Lyme Carditis: Complications of Heart Health & Late-Stage Lyme Disease
Lyme Carditis is a potentially life-threatening manifestation of Lyme disease caused by the bacterium Borrelia burgdorferi. This bacterium is transmitted to humans through the bite of infected black-legged (deer) ticks.
In Lyme Carditis, the bacteria invade heart tissues and disrupt the electrical signals that regulate the heartbeat. This can lead to severe conduction abnormalities and, in some cases, sudden cardiac death.
Early detection and treatment of Lyme Carditis are crucial for a full recovery. Dr. Sponaugle is experienced with all aspects of Lyme Carditis, including its stages, symptoms, diagnosis, treatment, and prevention, with an on-site EKG to monitor heart function as part of the Lyme Disease treatment program at Sponaugle Wellness Institute in Oldsmar, FL.
Diagnosis of Lyme Carditis
Diagnosing Lyme Carditis involves a combination of the patient's history and symptoms, a physical examination, and positive Lyme serology.
Electrocardiography (ECG) is an essential diagnostic tool for detecting cardiac abnormalities in patients with suspected Lyme Carditis. Additionally, echocardiography may assess the coronary vessels' heart muscle and blood flow.
In cases where Lyme Carditis is suspected, doctors use a COSTAR score to assess patients. The score consists of the following factors:
- C - Constitutional symptoms - 2
- O - Outdoor activity/endemic area - 1
- S - Sex = male - 1
- T - Tick bite - 3
- A - Age < 50 - 1
- R - Rash = erythema migrans - 4
Cardiologists should consider Lyme Carditis for any patient with a score of 4 or higher.
Lyme Carditis and the Stages of Lyme Disease
Lyme Carditis typically occurs in Stage 2 (Early Disseminated) Lyme disease when the bacteria have spread to other parts of the body, including the heart. However, it can also develop earlier and progress rapidly. Antibiotic treatment should be adjusted depending on the stage of the disease.
Stages of Lyme Disease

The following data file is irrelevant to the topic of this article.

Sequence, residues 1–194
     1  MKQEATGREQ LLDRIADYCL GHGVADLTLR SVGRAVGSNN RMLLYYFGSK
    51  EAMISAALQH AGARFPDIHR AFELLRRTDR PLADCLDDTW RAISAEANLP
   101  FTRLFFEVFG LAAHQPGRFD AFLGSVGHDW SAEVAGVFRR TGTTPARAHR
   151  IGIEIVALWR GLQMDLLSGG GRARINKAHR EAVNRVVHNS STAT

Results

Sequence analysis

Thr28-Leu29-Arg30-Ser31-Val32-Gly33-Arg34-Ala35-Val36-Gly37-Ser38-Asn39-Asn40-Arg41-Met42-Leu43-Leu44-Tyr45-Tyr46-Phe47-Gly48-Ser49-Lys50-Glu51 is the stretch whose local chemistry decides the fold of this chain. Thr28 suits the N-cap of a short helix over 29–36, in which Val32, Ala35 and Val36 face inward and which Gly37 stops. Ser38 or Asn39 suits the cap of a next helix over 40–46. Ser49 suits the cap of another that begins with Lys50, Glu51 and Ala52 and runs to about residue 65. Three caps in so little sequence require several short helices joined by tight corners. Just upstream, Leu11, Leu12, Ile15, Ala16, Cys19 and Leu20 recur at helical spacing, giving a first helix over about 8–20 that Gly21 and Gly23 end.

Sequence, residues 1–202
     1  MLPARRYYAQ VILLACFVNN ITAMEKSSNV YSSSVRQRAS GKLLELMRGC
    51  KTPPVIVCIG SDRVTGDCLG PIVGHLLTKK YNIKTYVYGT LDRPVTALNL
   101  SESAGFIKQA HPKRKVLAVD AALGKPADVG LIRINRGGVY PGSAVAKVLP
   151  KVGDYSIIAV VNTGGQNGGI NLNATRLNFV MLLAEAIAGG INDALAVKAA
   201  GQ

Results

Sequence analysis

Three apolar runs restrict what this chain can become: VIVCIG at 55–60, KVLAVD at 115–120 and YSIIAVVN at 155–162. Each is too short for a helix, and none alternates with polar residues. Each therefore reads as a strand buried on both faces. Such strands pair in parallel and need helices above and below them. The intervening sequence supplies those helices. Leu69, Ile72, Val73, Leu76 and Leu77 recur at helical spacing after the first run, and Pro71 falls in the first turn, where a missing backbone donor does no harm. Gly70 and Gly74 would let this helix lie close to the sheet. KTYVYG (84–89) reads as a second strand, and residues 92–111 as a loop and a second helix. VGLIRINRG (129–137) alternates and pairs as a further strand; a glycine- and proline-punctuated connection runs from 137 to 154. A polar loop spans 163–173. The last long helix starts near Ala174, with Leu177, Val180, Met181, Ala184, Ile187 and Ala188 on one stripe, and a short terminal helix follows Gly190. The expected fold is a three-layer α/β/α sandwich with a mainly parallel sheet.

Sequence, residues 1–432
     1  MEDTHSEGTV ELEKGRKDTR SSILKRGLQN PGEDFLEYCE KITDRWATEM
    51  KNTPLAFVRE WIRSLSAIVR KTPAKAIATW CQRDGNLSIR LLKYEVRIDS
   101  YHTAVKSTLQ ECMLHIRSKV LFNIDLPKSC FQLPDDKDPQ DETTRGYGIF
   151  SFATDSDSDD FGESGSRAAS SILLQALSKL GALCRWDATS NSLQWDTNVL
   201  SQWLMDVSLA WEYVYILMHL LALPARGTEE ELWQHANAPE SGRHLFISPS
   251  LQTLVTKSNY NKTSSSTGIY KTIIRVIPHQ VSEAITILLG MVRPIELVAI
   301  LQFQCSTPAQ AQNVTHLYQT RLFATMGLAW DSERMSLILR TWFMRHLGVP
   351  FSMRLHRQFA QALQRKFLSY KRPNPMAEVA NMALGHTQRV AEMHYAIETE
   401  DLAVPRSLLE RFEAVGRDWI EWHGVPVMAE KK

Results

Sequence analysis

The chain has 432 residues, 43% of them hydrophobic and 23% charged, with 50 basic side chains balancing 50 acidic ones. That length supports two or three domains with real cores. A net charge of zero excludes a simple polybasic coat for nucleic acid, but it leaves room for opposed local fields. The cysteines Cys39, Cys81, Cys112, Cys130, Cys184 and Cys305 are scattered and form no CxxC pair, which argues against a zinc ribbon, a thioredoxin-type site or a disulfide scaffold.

Lyme disease has three distinct stages:
- Stage 1: Early Localized – Symptoms appear within 30 days of a tick bite, including a bulls-eye rash at the bite site and low-grade fever.
- Stage 2: Early Disseminated – Symptoms appear after three to 12 weeks and can include full-body symptoms, such as painful swollen joints, muscle pain, chest pain, headaches, dizziness, and Bell's palsy.
- Stage 3: Late Persistent – Symptoms can begin several months or years after infection and involve many of the stage 2 symptoms but to a worsening degree. Radiating nerve pain (radiculopathy), widespread body pain, knee arthritis, and a purple rash (acrodermatitis chronica atrophicans) on the hands, feet, or knees are some of the symptoms at this stage.
Risk Factors for Lyme Carditis
Lyme Carditis is a relatively rare complication of untreated Lyme disease, with only 4-10% of patients developing it, and only 1% of those patients developing atrioventricular block (AVB).
However, it can progress rapidly and become dangerous. Males are more commonly affected, with a three times higher incidence than females.
Treatment of Lyme Carditis
The treatment of Lyme Carditis depends on the stage of the disease. In the early stages, oral antibiotics such as doxycycline, amoxicillin, or cefuroxime are prescribed for 10-21 days.
In more advanced stages, intravenous (IV) antibiotics may be administered for 14-28 days. In some cases, a temporary pacemaker may be required to regulate the heartbeat.
It is essential to note that permanent pacemakers are unnecessary when the cause of carditis is Lyme disease. Early treatment with antibiotics may prevent irreversible conduction disease in Lyme Carditis.
Long-Term Complications of Lyme Carditis
While death from Lyme Carditis is considered rare by the CDC and conventional medicine, Dr. Sponaugle has seen it become more prevalent in patients through the years, especially with those also suffering from mold toxicity, underlying infections, and environmental disease.
Preventing Lyme Carditis involves preventing Lyme disease itself. Limiting exposure to ticks is essential, especially in regions with high Lyme disease prevalence. Wearing protective clothing, using tick repellents, and performing regular tick checks can help reduce the risk of infection.
If a tick bites you, it is crucial to remove it immediately and consult a healthcare provider for guidance. Early treatment of Lyme disease can help prevent complications such as Lyme Carditis.